The Appellate Group

State v. Peraza

State v. Peraza, 2020 UT 48 (Petersen, J.)


The defendant was convicted of four counts of sodomy on a child. The Utah Court of Appeals reversed for two reasons. First, the court of appeals believed the State’s expert testified in violation of rule 702 of the Utah Rules of Evidence because the State failed to provide adequate notice under Utah Code section 77-17-13, the Expert Notice Statute. And second, the court of appeals believed the district court erred when it denied the defendant’s request for a continuance after it sought additional time within which to find its own expert. It further asked the State to disprove that the defendant had been harmed by the court’s denial of the defendant’s motion to continue. The Utah Supreme Court remanded to the Utah Court of Appeals to apply the correct prejudice standard, holding:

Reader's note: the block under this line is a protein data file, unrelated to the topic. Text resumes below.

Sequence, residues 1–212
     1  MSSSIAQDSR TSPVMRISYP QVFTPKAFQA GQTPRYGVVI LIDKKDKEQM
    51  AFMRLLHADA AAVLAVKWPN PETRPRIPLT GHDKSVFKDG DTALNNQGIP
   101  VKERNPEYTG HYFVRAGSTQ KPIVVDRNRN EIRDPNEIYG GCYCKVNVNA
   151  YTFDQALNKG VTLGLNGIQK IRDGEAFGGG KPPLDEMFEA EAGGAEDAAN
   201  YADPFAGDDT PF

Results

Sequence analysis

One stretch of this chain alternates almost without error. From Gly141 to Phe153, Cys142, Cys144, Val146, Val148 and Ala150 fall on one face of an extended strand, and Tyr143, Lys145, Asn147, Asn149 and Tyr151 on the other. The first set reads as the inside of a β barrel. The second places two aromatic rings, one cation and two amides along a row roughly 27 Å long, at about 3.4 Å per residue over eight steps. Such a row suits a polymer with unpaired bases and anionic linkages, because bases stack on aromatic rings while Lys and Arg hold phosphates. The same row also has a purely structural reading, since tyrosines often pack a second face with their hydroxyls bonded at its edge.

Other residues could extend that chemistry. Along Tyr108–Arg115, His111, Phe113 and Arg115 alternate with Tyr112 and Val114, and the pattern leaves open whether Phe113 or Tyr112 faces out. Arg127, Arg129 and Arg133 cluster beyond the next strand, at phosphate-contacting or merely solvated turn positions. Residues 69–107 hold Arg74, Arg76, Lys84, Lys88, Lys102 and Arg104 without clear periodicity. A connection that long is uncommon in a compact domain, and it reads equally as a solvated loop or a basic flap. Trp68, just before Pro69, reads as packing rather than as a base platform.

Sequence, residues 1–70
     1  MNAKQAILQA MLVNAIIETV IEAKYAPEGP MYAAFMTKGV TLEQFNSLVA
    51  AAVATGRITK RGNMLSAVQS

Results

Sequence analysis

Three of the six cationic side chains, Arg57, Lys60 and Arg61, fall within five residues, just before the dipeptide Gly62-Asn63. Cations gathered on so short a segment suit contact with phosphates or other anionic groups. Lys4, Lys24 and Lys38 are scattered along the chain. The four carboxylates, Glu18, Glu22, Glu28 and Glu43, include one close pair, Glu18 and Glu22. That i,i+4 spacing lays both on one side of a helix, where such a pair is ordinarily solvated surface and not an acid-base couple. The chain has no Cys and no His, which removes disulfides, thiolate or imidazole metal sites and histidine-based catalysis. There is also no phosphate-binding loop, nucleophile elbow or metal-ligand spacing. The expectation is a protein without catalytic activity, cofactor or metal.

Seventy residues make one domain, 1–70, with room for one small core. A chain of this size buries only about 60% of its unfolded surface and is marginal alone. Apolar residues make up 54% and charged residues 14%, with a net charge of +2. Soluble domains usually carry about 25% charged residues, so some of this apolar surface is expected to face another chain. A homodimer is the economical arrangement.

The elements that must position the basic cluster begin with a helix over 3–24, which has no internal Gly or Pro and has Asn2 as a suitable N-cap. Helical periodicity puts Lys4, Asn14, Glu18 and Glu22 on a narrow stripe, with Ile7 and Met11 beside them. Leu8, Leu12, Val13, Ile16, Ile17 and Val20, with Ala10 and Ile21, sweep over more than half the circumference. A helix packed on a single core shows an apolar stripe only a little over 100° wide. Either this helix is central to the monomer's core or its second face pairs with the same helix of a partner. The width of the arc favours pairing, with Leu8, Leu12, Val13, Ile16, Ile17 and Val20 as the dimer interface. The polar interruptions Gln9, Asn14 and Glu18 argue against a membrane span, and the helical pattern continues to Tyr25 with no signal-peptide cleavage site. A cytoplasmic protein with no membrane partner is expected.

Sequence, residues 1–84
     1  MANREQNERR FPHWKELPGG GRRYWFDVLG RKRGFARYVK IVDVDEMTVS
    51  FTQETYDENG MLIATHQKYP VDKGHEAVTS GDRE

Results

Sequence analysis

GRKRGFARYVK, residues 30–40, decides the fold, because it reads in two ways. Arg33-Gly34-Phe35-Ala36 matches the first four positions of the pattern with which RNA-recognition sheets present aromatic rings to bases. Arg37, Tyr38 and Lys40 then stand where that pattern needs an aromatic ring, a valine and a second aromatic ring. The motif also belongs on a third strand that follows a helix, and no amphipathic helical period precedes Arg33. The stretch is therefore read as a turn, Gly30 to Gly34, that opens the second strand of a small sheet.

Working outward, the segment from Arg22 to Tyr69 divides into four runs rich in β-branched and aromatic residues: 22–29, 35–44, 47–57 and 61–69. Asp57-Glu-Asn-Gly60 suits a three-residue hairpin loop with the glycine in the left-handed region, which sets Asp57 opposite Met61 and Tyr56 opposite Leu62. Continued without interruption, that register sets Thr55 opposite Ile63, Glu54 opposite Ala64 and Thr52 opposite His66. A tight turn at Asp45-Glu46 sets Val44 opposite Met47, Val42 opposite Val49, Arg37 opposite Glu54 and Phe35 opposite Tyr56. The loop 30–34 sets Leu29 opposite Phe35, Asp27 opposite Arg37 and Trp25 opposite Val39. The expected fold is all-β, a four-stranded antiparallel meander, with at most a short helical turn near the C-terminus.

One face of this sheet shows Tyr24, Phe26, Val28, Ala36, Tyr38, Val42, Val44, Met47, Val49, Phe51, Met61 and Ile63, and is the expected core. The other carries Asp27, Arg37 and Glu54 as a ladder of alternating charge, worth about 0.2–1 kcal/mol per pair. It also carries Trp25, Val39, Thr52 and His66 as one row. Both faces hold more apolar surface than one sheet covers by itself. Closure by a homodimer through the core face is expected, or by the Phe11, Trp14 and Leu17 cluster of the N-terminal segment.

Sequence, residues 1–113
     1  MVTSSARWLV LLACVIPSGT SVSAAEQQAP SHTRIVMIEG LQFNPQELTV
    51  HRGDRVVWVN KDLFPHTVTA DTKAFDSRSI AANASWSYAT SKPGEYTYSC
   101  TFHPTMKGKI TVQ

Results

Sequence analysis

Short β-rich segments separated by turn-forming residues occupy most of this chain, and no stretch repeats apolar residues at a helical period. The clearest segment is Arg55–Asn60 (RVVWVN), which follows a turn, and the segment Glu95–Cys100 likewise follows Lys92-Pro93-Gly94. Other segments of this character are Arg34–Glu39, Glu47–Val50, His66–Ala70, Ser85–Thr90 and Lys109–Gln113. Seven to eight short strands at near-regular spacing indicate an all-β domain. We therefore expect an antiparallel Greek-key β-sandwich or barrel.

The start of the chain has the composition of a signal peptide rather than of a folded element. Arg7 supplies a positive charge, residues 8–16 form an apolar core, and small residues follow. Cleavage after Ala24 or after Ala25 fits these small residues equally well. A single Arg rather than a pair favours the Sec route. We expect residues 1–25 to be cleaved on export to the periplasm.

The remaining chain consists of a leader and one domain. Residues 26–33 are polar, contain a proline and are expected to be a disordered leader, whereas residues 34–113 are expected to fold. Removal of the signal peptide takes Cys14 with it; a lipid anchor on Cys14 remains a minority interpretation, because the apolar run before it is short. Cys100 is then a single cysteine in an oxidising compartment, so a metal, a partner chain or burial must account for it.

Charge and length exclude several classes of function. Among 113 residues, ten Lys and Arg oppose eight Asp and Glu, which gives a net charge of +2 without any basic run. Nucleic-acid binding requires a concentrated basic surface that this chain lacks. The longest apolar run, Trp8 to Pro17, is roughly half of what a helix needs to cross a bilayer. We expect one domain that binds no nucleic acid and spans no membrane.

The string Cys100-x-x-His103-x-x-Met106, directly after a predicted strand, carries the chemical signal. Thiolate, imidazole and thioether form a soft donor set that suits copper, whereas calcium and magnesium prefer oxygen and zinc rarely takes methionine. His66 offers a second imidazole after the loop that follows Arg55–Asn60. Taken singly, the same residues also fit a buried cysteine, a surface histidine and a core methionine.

• The court of appeals erred when it conflated the requirements and remedies of the Expert Notice Statute and rule 702. The defendant did not argue this issue under the Expert Notice Statute in the first instance. And adequate notice is not a requirement when considering admissibility under rule 702. The State made a sufficient showing at trial to meet admissibility requirements of rule 702.
  • The court of appeals erred when it shifted the burden to the State to disprove that the defendant had been prejudiced under the Expert Notice Statute. The court does not decide the correctness of applying the burden shift in State v. Knight, 734 P.2d 913, to the Expert Notice Statute. Here, the Expert Notice Statute does not apply, and neither does the burden shift.
  • The Expert Notice Provision and rule 16 of the Utah Rules of Criminal Procedure bump up against each other. The Utah Constitution charges the Utah Supreme Court with adopting rules of procedure and the legislature with amending those rules by a two-thirds vote of all members of both houses. Absent a constitutional challenge in this case to the Expert Notice Provision, the court invites the legislature to enact rule changes through joint resolution to increase clarity for the bar.